Not tired of this A-Rod business yet? Then IIATMS has you covered! Join Stacey and me for an impromptu episode of On the Money to cover all of the bases. Stacey and I will share our full thoughts on the matter, and Bryan Hoch of MLB.com will join us to share the latest news. Show starts at 9:00, and you can listen live here.
I’ve got something of a reputation for defending guys accused of using steroids, especially when the accusers are overtly indifferent to quaint concepts like “proof,” but I’m gonna have to get off the boat here:
Ryan Braun never had a chance. He was guilty in the eyes of the public from the moment his positive test for synthetic testosterone was leaked. Alex Rodriguez is guilty of everything the Miami New Times report says he is – guilty, that is, if you listen to what the public has already decided about the situation. Jeff Bagwell is guilty too, just because.
Slow your roll a little bit. Ryan Braun’s sample was improperly handled so, officially, the positive test result never happened. As such, there’s technically no evidence at all that he broke any rules. The case against Bagwell, such as it is, is that he played during the steroid era and had big muscles. This, tp put it mildly, is no evidence of any kind, circumstantial or otherwise. The problem with accusing these guys is that it’s all done based upon suspicion, with no real evidence backing it up.
Say what you will about some of the dumb responses various columnists have pumped out over this news, but there’s no question that there is at least evidence that A-Rod has been juicing. An actual newspaper reviewed hundreds of documents detailing the sale of banned substances to A-Rod and others by a clinic operator who is being investigated by the federal government. It’s true that those documents could be fabricated, but that’s a pretty wild assumption that shouldn’t be given the benefit of the doubt.
According to Rob Bradford, the Yankees may be close to a deal with former Cleveland DH Travis Hafner. Hafner, who hit .228/.346/.438 in 263 plate appearances in 2012, fits the Yankees’ profile as a power and patience slugger, but health is a major concern, to say the least. Hafner has appeared in at least 95 games just once since the 2007 season, and he’s more or less incapable of being anything but a designated hitter at this point, even on an irregular basis. Still, the Yankees have a pretty significant need for a DH right now, and the left-handed Hafner owns a 117 career wRC+ against southpaws, so a reasonably priced deal would seem to be a great fit.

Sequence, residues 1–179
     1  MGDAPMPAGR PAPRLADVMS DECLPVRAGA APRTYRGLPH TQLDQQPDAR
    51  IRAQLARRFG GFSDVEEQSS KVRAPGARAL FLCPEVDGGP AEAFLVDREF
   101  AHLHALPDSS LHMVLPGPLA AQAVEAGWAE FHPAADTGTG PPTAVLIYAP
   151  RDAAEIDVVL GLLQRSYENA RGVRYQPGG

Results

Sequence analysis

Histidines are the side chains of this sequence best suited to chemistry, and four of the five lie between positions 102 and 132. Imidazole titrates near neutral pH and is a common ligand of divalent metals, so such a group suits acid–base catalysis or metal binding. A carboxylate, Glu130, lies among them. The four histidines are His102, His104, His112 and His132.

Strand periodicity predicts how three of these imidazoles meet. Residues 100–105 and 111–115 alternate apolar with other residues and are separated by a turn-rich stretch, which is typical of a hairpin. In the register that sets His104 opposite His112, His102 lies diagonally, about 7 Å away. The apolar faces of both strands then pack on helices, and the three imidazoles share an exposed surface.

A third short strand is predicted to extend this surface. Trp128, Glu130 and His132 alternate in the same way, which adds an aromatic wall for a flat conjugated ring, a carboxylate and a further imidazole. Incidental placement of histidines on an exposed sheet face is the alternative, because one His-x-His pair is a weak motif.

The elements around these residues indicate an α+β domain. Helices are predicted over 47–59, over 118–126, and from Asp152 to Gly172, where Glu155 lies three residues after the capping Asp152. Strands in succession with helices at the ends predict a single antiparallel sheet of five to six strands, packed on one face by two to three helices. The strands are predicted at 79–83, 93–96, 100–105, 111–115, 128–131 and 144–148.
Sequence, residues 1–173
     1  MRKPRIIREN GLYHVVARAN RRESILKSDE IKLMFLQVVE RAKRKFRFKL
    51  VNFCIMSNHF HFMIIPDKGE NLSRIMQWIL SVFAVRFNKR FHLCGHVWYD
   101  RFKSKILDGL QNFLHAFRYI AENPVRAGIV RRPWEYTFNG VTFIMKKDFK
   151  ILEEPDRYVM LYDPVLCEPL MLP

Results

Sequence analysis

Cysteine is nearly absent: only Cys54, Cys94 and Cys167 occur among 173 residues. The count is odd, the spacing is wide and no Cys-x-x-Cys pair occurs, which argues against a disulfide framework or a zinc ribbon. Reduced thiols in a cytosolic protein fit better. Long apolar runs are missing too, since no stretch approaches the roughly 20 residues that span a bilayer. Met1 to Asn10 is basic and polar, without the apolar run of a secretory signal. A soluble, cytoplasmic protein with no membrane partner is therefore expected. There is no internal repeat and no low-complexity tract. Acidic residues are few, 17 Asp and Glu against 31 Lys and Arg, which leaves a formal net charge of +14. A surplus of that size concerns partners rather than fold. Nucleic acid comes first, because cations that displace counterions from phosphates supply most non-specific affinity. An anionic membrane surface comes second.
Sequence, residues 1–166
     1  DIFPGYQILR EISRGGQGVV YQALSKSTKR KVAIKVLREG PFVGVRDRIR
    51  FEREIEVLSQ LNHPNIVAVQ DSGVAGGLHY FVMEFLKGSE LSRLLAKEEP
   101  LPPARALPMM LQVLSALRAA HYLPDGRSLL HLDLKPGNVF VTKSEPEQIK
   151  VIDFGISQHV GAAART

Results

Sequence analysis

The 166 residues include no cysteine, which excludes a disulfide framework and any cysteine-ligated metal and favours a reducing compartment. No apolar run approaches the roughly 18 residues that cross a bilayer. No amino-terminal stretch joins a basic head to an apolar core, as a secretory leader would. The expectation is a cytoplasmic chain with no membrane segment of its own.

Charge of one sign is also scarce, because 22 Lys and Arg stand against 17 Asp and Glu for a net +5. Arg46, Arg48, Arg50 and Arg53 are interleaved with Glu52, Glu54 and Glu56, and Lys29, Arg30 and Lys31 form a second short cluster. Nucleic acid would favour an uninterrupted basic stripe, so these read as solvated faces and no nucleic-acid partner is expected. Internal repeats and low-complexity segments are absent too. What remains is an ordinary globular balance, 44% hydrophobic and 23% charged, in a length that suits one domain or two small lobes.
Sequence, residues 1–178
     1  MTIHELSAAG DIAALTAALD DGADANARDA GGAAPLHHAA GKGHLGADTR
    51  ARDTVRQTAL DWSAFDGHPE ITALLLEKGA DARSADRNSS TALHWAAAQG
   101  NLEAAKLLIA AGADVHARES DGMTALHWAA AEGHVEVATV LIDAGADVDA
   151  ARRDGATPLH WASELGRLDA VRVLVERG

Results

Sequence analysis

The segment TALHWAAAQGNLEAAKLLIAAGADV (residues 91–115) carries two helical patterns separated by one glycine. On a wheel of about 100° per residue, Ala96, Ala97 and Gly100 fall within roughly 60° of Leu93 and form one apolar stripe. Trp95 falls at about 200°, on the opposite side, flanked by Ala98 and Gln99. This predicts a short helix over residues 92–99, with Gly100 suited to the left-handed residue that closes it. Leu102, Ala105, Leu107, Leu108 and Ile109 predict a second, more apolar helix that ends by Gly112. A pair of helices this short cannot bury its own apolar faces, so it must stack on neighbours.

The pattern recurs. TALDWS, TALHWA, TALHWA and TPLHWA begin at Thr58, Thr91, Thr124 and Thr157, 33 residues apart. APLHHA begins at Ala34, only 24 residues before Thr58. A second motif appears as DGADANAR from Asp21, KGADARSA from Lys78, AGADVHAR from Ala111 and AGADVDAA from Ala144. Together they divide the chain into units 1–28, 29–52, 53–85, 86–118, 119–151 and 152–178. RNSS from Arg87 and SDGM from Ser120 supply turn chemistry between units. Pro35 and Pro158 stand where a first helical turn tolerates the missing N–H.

Victor Conte discusses the A-Rod situation on Tuesday’s Geico SportsNite:
The idea of the Yankees attempting to void Alex Rodriguez‘s contract pops up every now and then even when A-Rod isn’t in the middle of a major ongoing story involving continued use of banned substances, so I certainly can’t say that I’m surprised it’s become all the rage with columnists both national and local since the Miami New Times story came out yesterday. Still, there’s no more chance that the Yankees can actually do it today than there was last week.
The first, and biggest, problem for the Yankees to clear is that A-Rod’s contract is guaranteed, and iron-clad under the rules of the CBA. The Yankees can not simply decide, unilaterally, to abrogate the contract, nor can they go before a judge or an arbitrator making ad hoc arguments as though the law had to be made on the fly due to unclear rules or something. Disciplinary reasonings won’t help either, since the CBA also spells out in detail the exact punishments for A-Rod’s alleged offense, and they don’t include the voiding of a free agent contract. If the league decides to take action, Alex will be suspended for 50 games as stipulated by the rules, and that’s that. Indeed, the fact that the punishment is explicitly prescribed by the CBA more or less shuts this whole discussion down, as there’s no way the Yankees can expect to find a judge who would find that they are somehow special and can operate outside the parameters of the CBA, which is exactly what they’d be doing.